100,000 energy customers overcharged
Around 100,000 EDF Energy customers have been overcharged after a problem with the company's telephone meter reading system...
There are several nuggets of wisdom lurking in the board game Monopoly. The benefits of investing in property for instance; or the importance of keeping an emergency cash fund. Or perhaps even – at a push – the perks of free parking.
But one apt message that you may not have noticed is the proximity of the electric company to the jail. And before you all go searching for a photo of the Monopoly board, here’s a link to one.
Yes, in just the last three months we’ve seen Scottish and Southern Energy prosecuted for dishonest sales techniques, as well as British Gas fined £2.5m over customer complaints. And all of this has been going on as energy companies continue to hike rates.
Granted, none of these misdemeanours may be worthy of jail time. But in my book, they’re still criminal.
And it gets worse...
EDF Energy is the latest utilities provider to admit failings. The company said that some 100,000 customers had been overcharged due to a seven-year fault on the automated telephone meter reading system.
£200,000 of overcharging occurred in total, with one customer shelling out £500 more than they should have. EDF confirmed that all customers affected would be reimbursed with interest.
Existing EDF customers will receive a credit on their account by 30 September while those who are no longer with the provider will receive a letter with details of how to claim back their cash. EDF says it will send this letter to the customer addresses it still has on file.
The meter-reading glitch caused customers to be charged for energy usage before price rises at the new higher rate. The problems took place between October 2003 and May 2010.
EDF said that a majority of the excess charges involved amounts of less than £5 and that customers who gave a meter reading to an adviser over the phone would not be affected.
EDF have apologised profusely for the mistake and said that as soon as the glitch was identified, corrective action was taken.
However, if further reports are to be believed, this practice of overcharging may not be confined to just EDF Energy...
Last week Ofgem demanded that energy companies fully explain how they calculate bills that run over price increases. The energy regulator is worried that providers may be regularly applying increased tariffs to too much of a bill.
Utilities companies must now separate out energy usage volumes and costs, before and after any price hike.
Appropriately, Ofgem’s announcement came on the day that British Gas put up its gas prices by 18% and electricity rates by 16%. So if you’re a customer of the Centrica-owned utilities giant, your next bill should be apportioned out over the lower and increased rate periods.
Indeed, every member of the ‘big six’ group of energy companies has upped their rates since January, making the scope for potential overcharging huge.
Looking at the bigger picture, these overcharging errors are only a small part of a far bigger problem that has plagued energy companies for years. Namely, overly complex, unclear and ambiguous billing practices.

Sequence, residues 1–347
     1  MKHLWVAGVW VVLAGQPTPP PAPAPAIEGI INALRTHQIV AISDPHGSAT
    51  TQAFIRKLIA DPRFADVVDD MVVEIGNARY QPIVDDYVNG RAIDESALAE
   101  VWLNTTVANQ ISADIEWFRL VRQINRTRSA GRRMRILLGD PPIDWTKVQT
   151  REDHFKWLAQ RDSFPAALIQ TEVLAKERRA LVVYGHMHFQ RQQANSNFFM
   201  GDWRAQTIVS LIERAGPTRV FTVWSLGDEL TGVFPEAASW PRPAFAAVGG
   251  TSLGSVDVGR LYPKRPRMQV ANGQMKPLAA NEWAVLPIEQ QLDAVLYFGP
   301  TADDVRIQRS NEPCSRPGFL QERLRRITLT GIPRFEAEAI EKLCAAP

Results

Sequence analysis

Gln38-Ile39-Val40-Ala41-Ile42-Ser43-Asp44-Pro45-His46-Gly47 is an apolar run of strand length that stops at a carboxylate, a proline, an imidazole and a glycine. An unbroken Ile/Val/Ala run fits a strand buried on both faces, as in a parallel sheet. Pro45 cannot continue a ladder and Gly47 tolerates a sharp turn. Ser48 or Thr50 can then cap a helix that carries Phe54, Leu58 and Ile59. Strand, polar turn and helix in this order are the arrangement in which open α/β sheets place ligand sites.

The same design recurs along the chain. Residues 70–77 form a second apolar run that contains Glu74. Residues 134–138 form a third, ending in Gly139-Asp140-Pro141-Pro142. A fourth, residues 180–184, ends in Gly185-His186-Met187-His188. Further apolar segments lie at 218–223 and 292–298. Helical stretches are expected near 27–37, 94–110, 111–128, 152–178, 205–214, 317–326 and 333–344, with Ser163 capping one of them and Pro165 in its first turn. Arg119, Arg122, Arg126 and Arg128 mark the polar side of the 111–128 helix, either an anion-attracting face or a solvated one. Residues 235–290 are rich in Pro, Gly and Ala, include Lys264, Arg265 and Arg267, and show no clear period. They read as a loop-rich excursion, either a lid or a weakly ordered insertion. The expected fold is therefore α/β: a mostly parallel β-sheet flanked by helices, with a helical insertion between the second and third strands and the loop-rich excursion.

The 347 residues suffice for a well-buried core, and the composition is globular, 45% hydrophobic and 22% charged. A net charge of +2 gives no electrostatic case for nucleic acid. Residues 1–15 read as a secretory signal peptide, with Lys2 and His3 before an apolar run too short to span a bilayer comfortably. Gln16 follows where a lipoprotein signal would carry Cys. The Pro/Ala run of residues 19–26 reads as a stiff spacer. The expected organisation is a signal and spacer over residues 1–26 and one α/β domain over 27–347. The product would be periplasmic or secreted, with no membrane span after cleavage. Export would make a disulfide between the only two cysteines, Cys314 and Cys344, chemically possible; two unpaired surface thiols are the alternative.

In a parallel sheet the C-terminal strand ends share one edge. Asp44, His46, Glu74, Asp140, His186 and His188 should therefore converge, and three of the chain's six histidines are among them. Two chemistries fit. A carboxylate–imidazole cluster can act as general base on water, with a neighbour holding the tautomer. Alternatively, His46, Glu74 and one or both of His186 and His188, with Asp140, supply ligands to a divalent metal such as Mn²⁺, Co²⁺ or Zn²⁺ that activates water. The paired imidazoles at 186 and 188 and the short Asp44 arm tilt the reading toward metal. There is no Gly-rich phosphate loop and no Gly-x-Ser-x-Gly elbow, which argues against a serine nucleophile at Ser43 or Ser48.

In fact, Ofgem highlighted the problem in a March review, pointing out that tariffs were too complex and hence hindered customers looking to compare deals and shift suppliers. But indeed it seems – as my colleague Neil Faulkner pointed out back earlier this year – that the regulator’s proposals were too weak and empty to make any noticeable difference.
A sterner approach needs to be taken with the six major energy providers, who between them hold a virtual-monopoly on the utilities industry. And we may just get that stern approach when a forensic group of accountants begins probing the ‘big six’ in the next few months...
Despite a distinct lack of teeth within a majority of its March proposals, Ofgem has come good on one promise. The regulator has this week appointed a specialist team from the accountancy firm BDO to conduct a forensic investigation into the pricing practices of Britain’s major energy suppliers.
The team will look into the accusation that utilities companies underestimate their level of profits in order to justify higher prices. The trading profits, wholesale prices and hedging practices of every member of the ‘big six’ will be analysed with the investigation predicted to report before the end of the year.
Indeed, if the team does come back with some evidence against the energy firms, it may provide some respite for beleaguered Brits who have been hit with round after round of price hikes over the last nine months.
Relentless price hikes
British Gas has upped rates twice since December 2010, despite its residential business making £740m of profits in the last year.
And last week, nPower became the latest provider to hike prices – raising gas and electricity rates by 15.7% and 7.2% respectively. The increase is likely to provoke outrage among customers, not least because back in June the company announced a fantastic set of half-year results with profits more than doubling.
All of the energy providers blamed the price rises on an increase in wholesale costs. However Ofgem claims it has evidence to show that these price hikes were pushed through far more quickly on the back of rising wholesale costs than price reductions were when costs fell.
And indeed, with profits gushing into utilities companies at their current rate, it’s not surprising that the regulator has begun to smell something fishy.
Energy providers have been passing go and collecting their £200 unchallenged for far too long now. It’s time for them to be held to account, so that maybe next time they pass through the jail, they will not be just visiting.
Have you ever had any bad experiences with your energy company?
If so, tell us about it using the comment box below.
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